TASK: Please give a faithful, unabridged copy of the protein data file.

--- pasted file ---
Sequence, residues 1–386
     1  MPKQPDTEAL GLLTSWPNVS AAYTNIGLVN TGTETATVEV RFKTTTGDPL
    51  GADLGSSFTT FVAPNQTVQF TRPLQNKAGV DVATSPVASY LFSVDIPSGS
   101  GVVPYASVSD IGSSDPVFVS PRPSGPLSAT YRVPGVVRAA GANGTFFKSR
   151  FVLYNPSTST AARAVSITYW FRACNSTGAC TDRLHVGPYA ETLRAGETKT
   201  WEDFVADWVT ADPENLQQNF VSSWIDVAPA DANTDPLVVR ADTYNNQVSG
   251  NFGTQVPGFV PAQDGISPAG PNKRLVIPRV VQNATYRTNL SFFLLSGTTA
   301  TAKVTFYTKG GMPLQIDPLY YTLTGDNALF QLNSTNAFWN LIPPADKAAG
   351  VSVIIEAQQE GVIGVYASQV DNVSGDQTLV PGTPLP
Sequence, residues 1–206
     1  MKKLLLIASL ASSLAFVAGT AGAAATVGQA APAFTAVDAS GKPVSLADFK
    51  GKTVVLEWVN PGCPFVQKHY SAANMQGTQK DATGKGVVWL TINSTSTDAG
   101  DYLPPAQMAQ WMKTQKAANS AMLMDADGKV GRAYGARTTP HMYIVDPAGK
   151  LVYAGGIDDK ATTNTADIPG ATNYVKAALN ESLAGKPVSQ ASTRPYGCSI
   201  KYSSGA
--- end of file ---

Sequence, residues 1–386
     1  MPKQPDTEAL GLLTSWPNVS AAYTNIGLVN TGTETATVEV RFKTTTGDPL
    51  GADLGSSFTT FVAPNQTVQF TRPLQNKAGV DVATSPVASY LFSVDIPSGS
   101  GVVPYASVSD IGSSDPVFVS PRPSGPLSAT YRVPGVVRAA GANGTFFKSR
   151  FVLYNPSTST AARAVSITYW FRACNSTGAC TDRLHVGPYA ETLRAGETKT
   201  WEDFVADWVT ADPENLQQNF VSSWIDVAPA DANTDPLVVR ADTYNNQVSG
   251  NFGTQVPGFV PAQDGISPAG PNKRLVIPRV VQNATYRTNL SFFLLSGTTA
   301  TAKVTFYTKG GMPLQIDPLY YTLTGDNALF QLNSTNAFWN LIPPADKAAG
   351  VSVIIEAQQE GVIGVYASQV DNVSGDQTLV PGTPLP
Sequence, residues 1–206
     1  MKKLLLIASL ASSLAFVAGT AGAAATVGQA APAFTAVDAS GKPVSLADFK
    51  GKTVVLEWVN PGCPFVQKHY SAANMQGTQK DATGKGVVWL TINSTSTDAG
   101  DYLPPAQMAQ WMKTQKAANS AMLMDADGKV GRAYGARTTP HMYIVDPAGK
   151  LVYAGGIDDK ATTNTADIPG ATNYVKAALN ESLAGKPVSQ ASTRPYGCSI
   201  KYSSGA